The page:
Revised FinCEN Advisory Warns Financial Institutions to Report Suspected Illegal Ransomware[1] Payments

Franklin L Zemel, Joe Valenti, Erik J. VanderWeyden


The U.S. Federal Government through its Financial Crimes Enforcement Network (“FinCEN”) revised last year’s Advisory on the Use of the Financial System to Facilitate Ransom Payments. In short, the U.S. Government is underscoring the importance of due-diligence and compliance obligations required by the U.S. Department of Treasury’s Office of Foreign Assets Control (“OFAC”).[2]

What You Need to Know:

  • In response to increased frequency and severity of ransomware attacks, FinCEN has updated and replaced its October 1, 2020 Advisory on Ransomware and the Use of the Financial System to Facilitate Ransom Payments.
  • The Revised Advisory provides financial institutions with a list of identified trends and typologies as well as a list of red flags that may indicate ransomware and associated payments.

The latest Advisory requires that financial institutions must comply with currency-transaction and suspicious-activity reporting requirements and continually update their compliance programs to establish procedures in advance for determining and assessing ransomware threats as well as prevent the laundering of ransomware proceeds to avoid criminal and civil penalties under the laws administered by DOJ, FinCEN, and OFAC.

FinCEN Urges Financial Institutions to Revise Compliance Programs to Account for Recent Trends in Ransomware Attacks

In response to increased frequency and severity of ransomware attacks, FinCEN has updated and replaced its October 1, 2020 Advisory on Ransomware and the Use of the Financial System to Facilitate Ransom Payments. As noted in the Advisory, all entities (including victims) involved in the chain of facilitating ransomware payments are at risk of criminal and civil penalties. Accordingly, appropriate due-diligence and compliance procedures are necessary to limit exposure to ransomware and sanctions-related violations. Failure to implement a risk-based compliance program—or a failure to ensure that it is up to date—may result in increased exposure to ransomware and harsher penalties.

The Revised Advisory provides financial institutions with a list of identified trends and typologies as well as a list of red flags that may indicate ransomware and associated payments, some of which include:

  •  A financial institution or its customer detects IT enterprise activity that is connected to ransomware cyber indicators or known cyber threat actors.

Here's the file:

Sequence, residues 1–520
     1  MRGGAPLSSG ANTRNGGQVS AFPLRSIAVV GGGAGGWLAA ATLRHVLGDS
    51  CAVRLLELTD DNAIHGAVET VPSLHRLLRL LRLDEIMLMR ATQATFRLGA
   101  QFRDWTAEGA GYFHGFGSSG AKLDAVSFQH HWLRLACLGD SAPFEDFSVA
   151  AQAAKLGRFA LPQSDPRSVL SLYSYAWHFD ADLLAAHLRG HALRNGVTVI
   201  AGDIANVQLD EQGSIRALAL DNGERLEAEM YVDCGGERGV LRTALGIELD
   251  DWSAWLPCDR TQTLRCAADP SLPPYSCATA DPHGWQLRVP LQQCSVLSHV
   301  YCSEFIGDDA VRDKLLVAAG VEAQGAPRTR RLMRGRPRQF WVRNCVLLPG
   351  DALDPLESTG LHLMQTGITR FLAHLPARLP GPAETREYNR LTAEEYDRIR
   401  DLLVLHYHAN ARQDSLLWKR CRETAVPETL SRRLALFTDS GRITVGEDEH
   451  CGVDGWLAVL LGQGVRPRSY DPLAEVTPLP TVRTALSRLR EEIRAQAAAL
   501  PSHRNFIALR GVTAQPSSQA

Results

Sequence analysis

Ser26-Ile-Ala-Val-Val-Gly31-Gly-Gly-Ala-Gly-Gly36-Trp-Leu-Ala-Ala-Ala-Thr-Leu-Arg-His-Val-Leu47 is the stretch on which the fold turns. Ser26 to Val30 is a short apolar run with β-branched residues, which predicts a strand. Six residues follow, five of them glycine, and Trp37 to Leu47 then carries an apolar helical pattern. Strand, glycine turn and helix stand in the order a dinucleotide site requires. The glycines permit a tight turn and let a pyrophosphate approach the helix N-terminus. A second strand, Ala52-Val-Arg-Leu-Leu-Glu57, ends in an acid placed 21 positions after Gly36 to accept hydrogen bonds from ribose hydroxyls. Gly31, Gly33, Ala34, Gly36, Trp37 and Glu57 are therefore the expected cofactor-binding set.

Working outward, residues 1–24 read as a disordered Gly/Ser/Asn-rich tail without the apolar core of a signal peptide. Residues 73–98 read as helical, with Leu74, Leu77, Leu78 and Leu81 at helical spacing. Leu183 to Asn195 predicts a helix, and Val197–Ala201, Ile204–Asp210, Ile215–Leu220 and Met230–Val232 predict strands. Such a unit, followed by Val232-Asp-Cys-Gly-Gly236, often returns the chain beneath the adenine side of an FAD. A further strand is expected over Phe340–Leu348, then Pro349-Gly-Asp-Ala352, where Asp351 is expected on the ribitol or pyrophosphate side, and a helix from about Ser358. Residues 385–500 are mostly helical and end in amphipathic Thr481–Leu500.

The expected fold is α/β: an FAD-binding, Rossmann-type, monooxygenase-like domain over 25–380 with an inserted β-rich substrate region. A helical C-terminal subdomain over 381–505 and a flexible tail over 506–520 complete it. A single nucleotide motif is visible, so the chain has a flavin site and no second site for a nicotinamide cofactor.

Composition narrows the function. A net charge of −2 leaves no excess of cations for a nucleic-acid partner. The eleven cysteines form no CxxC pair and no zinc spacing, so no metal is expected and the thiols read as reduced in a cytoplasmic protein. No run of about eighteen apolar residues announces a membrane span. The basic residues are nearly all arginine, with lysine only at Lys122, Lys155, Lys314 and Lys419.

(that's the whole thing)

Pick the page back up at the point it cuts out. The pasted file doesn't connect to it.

• A customer provides information that a payment is in response to a ransomware incident.
  • A customer’s convertible virtual currency (“CVC”) address, or an address with which a customer conducts transactions, is connected to ransomware variants, payments, or related activity.
  • An irregular transaction occurs between a high-risk organization and a Digital Forensic/Incident Response or Cyber Insurance Company, especially one known to facilitate ransomware payments.
  •  A customer shows limited knowledge of CVC during onboarding or via other interactions with the financial institution, yet inquires about or purchases CVC.
  • A customer that has no or limited history of CVC transactions sends a large CVC transaction, particularly when outside a company’s normal business practices.

The Advisory notes that it is imperative that financial institutions review their current compliance programs to ensure they are up-todate to reflect these red-flag indicators as well as the recent trends and typologies of ransomware and associated payments. The Advisory specifically warns of one notable trend - the growing proliferation of anonymity-enhanced cryptocurrencies (“AECs”) and decentralized mixers utilized to obfuscate the trail of virtual currencies. It warns that one such AEC, Monero, is increasingly demanded by ransomware criminals.

Reporting Requirements for Financial Institutions

The Advisory reminds financial institutions of their regulatory obligations regarding suspicious activity reporting involving ransomware. If a financial institution detects a suspicious transaction, it is required “to file a Suspicious Activity Report (“SAR”) if it knows, suspects, or has reason to suspect a transaction conducted or attempted by, at or through the financial institution involves or aggregates to $5,000 (or, with one exception, $2,000 for [money services businesses](MSB).” SAR obligations apply to both attempted and successful transactions, and FinCEN recommends filing a SAR even when there is no obligation to file.